Back to Ardudwy Landscape map

Relict archaeology

The coastal plain

Much of Ardudwy consists of upland (above c. 240m), or hill slopes marginal to the upland. The lowland area comprises only the coastal plain, narrow at the south (area 3) but broadening to the north in Morfa Dyffryn (area 10 and 11) and Morfa Harlech (areas 30 and 32). These coastal plains are very low-lying and level and the lowest parts have a peat cover. They represent the fringe of a coastline drowned by rising sea-levels during the post-glacial period. The peat cover, with tree stumps of a ‘drowned forest’ and an underlying salt-marsh clay are exposed occasionally in the intertidal zone of the eroding coast edge. The clay has produced red deer antler and deer and cattle bones that are as yet undated (Kelly 1982) but they can be compared finds from similar deposits studied in some detail at Ynyslas and Borth, further to the south of Cardigan Bay. There, intertidal peats are exposed for some 5km along the shore. They appear as outcrops on the beach from beneath the adjoining Borth raised bog, under which they must extend, and consist of fen, alder carr and forest beds overlying salt marsh clay (Heyworth and Kidson 1982, 102). Radiocarbon dates give a date of c. 6000 BP for the underlying salt marsh and dates of c. 5400 BP to 3900 BP, at its lowest, for the forest bed (ibid.). A number of casual archaeological finds have been made from these peats, including a mesolithic flint pick, flint flakes, an antler tool and a hearth which produced a date of c. 4000 BP from the surrounding peat (Sambrook and Williams 1996, 26) as well as bones of red deer and bos primigenius (wild cattle).

In Ardudwy, the only humanly worked artefact found is a perforated antler hammer from Mochras Island (Guilbert 1981), but its exact findspot is unknown. A timber trackway in the intertidal area at Llanaber has been investigated and this produced radiocarbon dates in the 12th to 14th centuries AD. A nearby tree stump, however, produced a date within the Roman period (Musson et al 1989). The inundation of the coast created a marshland environment and this would have been little used before large scale drainage in the 18th and 19th centuries. Taking into account the finds from the peat exposed in the intertidal fringe here and by comparison with those from wetland environments from elsewhere in Wales and England, such as the south Glamorgan and Somerset levels, the peat cover in Ardudwy is likely to preserve an important buried archaeological landscape, covering several millennia. This will include organic items rarely preserved elsewhere inland, such as animal remains and timber jetties, platforms and trackways.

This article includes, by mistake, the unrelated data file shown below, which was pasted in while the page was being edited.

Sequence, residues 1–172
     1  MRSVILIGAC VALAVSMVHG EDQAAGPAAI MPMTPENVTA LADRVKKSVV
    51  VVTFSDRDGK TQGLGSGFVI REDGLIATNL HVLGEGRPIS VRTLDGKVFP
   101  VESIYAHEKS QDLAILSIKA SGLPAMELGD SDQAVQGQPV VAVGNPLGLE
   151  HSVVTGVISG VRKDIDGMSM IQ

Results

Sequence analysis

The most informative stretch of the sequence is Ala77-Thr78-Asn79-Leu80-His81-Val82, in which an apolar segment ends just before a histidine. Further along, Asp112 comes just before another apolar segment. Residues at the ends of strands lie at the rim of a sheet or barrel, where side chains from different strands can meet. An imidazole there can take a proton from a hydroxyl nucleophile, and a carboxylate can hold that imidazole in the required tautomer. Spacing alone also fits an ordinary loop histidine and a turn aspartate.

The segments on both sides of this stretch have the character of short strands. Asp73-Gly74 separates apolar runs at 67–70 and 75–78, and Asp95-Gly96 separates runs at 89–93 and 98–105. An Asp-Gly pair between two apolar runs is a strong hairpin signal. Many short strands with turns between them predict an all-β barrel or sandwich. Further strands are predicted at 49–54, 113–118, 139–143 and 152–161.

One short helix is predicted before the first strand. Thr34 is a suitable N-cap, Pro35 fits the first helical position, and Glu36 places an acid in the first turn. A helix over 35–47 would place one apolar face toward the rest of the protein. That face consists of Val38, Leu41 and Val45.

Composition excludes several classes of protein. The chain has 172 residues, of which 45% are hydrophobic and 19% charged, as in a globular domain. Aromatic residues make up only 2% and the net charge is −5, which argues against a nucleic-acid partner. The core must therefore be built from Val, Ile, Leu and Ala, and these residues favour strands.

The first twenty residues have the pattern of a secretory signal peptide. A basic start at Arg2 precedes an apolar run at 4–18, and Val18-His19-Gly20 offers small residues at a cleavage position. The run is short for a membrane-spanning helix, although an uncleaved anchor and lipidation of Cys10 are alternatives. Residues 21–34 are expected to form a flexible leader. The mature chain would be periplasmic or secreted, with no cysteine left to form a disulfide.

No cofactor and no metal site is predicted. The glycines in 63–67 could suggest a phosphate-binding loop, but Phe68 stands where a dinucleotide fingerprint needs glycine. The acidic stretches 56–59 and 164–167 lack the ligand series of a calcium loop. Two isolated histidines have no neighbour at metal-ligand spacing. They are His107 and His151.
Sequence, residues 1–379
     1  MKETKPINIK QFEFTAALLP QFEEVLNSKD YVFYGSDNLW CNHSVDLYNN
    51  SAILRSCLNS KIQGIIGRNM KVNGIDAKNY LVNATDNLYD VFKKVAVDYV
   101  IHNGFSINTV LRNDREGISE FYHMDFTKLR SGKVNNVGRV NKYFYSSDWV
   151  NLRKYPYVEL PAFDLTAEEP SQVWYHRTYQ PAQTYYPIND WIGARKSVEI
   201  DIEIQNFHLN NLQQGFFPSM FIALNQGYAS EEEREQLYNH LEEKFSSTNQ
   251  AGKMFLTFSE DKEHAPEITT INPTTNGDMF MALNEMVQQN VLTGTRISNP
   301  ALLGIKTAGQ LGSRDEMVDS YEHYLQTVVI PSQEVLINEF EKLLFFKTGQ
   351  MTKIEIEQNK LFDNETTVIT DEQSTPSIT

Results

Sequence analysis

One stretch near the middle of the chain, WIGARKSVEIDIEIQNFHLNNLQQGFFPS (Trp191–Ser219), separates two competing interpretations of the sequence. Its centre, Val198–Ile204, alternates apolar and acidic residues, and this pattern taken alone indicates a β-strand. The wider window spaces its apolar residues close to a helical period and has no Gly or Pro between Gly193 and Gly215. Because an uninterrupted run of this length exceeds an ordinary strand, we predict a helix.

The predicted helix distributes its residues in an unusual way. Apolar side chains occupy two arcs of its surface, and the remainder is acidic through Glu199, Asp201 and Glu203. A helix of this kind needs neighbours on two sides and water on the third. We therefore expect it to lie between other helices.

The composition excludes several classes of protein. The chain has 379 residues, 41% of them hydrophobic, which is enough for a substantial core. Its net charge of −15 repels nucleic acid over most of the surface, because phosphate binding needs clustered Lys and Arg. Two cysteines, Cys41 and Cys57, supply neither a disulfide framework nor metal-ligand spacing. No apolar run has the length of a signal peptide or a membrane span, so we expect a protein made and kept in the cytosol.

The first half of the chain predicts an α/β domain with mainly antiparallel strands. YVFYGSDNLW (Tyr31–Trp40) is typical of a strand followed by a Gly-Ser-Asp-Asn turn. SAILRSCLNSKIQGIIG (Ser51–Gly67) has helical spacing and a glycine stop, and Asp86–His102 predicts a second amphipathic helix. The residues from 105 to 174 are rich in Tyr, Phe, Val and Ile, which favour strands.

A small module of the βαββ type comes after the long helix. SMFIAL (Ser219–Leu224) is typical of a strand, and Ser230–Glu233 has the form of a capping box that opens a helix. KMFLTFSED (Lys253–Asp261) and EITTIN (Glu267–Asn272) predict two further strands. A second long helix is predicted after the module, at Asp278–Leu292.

Back to Ardudwy Landscape map

The inland zone

Finds of flint and stone tools provide a useful pointer to areas of earlier prehistoric activity during the mesolithic and neolithic periods. Flint occurs occasionally in fluvio-glacial clay but is most accessible where it is eroded out of such deposits at the coast edge. Such deposits are directly exposed in Ardudwy from Mochras to Llandanwg, but there are some sea-deposited gravel deposits along much of the coast. Despite the availability of raw material, flint finds are very few in Ardudwy, with the only sizeable collection (now lost) reported from Mochras Island (Ffoulkes 1852, 103) and a single find from Llanaber (GAT SMR). To some extent this is due to the lack of cultivated land in the area, so that exposures are few, and partly due to the loss of the early prehistoric coast edge, where the majority of activity would have been, because of rising sea-levels.

Stray finds of neolithic stone axes can also help to show wider exploitation of the inland areas but there are only two from Ardudwy, one from Talsarnau and one from Llanbedr (GAT SMR). The evidence for use of the upland interior before, or even after, the establishment of the first farming communities takes the form of a few flint tools and a radiocarbon date deriving from activity found beneath structures of a settlement of the second half of the first millennium BC at Moel y Gerddi, Harlech (Kelly 1988 - area 26). Pollen studies of valley peats near to Moel y Gerddi also hinted at some mesolithic activity but more certainly of wider human interference in the form of woodland decline and the presence of plants of pasture during the Neolithic period, from c. 5140bp (about 4000BC, calibrated) (Chambers and Price 1988).

Ardudwy has a remarkable and well-preserved group of chambered tombs of the early neolithic period, all within an area of some eight miles in extent, suggesting a single population group, made up of several related local communities. These seem to be focussed on rivers and perhaps originally on harbour inlets, now lost to coastal erosion or silting. One outlying tomb, at Gwern Einion to the north, is likely to be focussed on the Afon Artro. To the south are five tombs, around the Afon Ysgethin. Despite the proximity of these tombs they vary considerably in style. Excavations at Dyffryn Ardudwy demonstrated changes in style of building and a long period of use, continuing into the second millennium BC (Powell 1963). There is evidence that the earliest occupation was influenced by western, Atlantic culture with similarities to tombs on the Llyˆn peninsula, Anglesey and Ireland, while there were later influences from mainland Britain (Lynch 1969, 124-5).

No settlement remains of this period have yet been found but the immediate vicinity of the tombs has generally been obscured by later cultivation. However, these areas often retain much potential, particularly around the tomb at Dyffryn Ardudwy where deep cultivation terraces are likely to mask neolithic cultivation or settlement remains and around the Carneddau Hengwm, in an uncultivated area where survival may be more extensive, and research is currently under way (Johnson and Roberts 2001 - area 2).